Danish bee population in decline for fourth year running

Bees are a vital part of the cycle when it comes to pollinating crops and fruit trees

A survey carried out by the Danish beekeeper’s association, Danmarks Biavlerforening, makes for rather depressing reading for Danish agriculture.

For the fourth year in a row, bee populations are declining. Every fifth bee community died during the winter.

“The decline in bee populations is due to a number of factors. There’s a lack of food for them in farming areas with large fields growing monoculture crops. There is also a lack of sheltering hedgerows between fields in which previously, bees could also find food,” Knud Graaskov, the head of Danmarks Biavlerforening, told TV2 News.

READ ALSO: Costs killing bees

“On top of all this come pesticides, which are bad for the bees but even worse, eradicate the flowering weeds which they used to be able to eat from spring to autumn. In addition, the varroa mite that attacks bees also plays a large role.”

A program to alert all beekeepers
As well as the general decline in numbers, a number of beekeepers have experienced what amounts to a total collapse in their hives.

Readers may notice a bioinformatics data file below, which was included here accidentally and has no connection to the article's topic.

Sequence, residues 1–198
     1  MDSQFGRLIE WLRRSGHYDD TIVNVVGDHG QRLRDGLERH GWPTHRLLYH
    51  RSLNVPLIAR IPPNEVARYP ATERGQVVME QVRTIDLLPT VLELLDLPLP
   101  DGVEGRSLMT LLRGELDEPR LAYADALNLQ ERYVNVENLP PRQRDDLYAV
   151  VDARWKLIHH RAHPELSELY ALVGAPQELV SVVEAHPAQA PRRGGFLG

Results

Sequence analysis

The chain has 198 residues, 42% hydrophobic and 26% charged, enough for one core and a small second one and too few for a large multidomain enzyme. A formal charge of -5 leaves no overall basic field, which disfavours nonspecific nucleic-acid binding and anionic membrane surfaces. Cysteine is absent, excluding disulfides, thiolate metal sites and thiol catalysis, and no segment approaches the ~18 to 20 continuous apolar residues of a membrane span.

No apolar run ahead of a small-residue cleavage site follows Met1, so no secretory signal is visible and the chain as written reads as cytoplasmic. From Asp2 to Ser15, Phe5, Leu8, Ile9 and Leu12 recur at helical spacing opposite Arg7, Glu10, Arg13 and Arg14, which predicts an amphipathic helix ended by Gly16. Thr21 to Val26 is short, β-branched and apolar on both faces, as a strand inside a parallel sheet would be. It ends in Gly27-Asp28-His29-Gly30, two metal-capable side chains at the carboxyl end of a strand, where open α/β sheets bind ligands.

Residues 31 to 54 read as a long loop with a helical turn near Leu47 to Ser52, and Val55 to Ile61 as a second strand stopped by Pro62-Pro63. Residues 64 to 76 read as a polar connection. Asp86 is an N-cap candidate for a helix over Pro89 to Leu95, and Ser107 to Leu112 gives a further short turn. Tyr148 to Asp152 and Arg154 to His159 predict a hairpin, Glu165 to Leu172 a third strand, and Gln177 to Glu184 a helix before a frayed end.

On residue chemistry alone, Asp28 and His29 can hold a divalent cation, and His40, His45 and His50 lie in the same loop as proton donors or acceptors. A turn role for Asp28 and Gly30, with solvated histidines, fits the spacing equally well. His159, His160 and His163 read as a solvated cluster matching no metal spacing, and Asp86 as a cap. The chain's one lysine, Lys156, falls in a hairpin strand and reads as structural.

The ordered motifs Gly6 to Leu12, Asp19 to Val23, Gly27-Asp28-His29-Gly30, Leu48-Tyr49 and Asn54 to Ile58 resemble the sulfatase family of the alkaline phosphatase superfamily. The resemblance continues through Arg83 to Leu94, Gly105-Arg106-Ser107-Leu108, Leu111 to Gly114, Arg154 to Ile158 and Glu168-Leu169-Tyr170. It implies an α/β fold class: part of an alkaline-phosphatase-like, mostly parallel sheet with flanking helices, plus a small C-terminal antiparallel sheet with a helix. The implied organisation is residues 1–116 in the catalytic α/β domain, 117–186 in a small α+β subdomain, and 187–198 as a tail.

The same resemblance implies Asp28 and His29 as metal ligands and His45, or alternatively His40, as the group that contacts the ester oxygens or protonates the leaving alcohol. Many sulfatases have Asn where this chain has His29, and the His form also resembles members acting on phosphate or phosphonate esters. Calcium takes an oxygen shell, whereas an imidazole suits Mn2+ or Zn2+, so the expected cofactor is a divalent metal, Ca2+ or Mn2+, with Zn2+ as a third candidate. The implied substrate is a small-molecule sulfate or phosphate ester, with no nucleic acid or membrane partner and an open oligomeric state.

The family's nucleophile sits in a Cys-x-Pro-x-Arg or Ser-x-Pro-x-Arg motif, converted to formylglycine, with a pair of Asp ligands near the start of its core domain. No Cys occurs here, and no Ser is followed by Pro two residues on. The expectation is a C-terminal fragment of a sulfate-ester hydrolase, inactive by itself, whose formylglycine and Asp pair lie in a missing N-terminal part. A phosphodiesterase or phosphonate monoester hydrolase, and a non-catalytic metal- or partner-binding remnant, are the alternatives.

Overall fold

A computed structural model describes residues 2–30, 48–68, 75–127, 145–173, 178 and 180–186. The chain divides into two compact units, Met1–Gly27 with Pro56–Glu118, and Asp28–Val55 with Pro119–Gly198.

One beekeeper in Lolland saw just 11 of his 179 bee communities survive the winter, a similar phenomenon that was experienced elsewhere in other areas of Denmark.

The association has now instigated a new bee monitoring program amongst its almost 6,000 members.

“We’re going to keep a close eye on developments so that we can warn other beekeepers if anything happens that appears threatening,” said Graaskov.

As well as producing honey, bees play such an important part in farming that their value in Denmark is estimated at around a billion kroner.





  • How internationals can benefit from joining trade unions

    How internationals can benefit from joining trade unions

    Being part of a trade union is a long-established norm for Danes. But many internationals do not join unions – instead enduring workers’ rights violations. Find out how joining a union could benefit you, and how to go about it.

  • Internationals in Denmark rarely join a trade union

    Internationals in Denmark rarely join a trade union

    Internationals are overrepresented in the lowest-paid fields of agriculture, transport, cleaning, hotels and restaurants, and construction – industries that classically lack collective agreements. A new analysis from the Workers’ Union’s Business Council suggests that internationals rarely join trade unions – but if they did, it would generate better industry standards.

  • Novo Nordisk overtakes LEGO as the most desirable future workplace amongst university students

    Novo Nordisk overtakes LEGO as the most desirable future workplace amongst university students

    The numbers are especially striking amongst the 3,477 business and economics students polled, of whom 31 percent elected Novo Nordisk as their favorite, compared with 20 percent last year.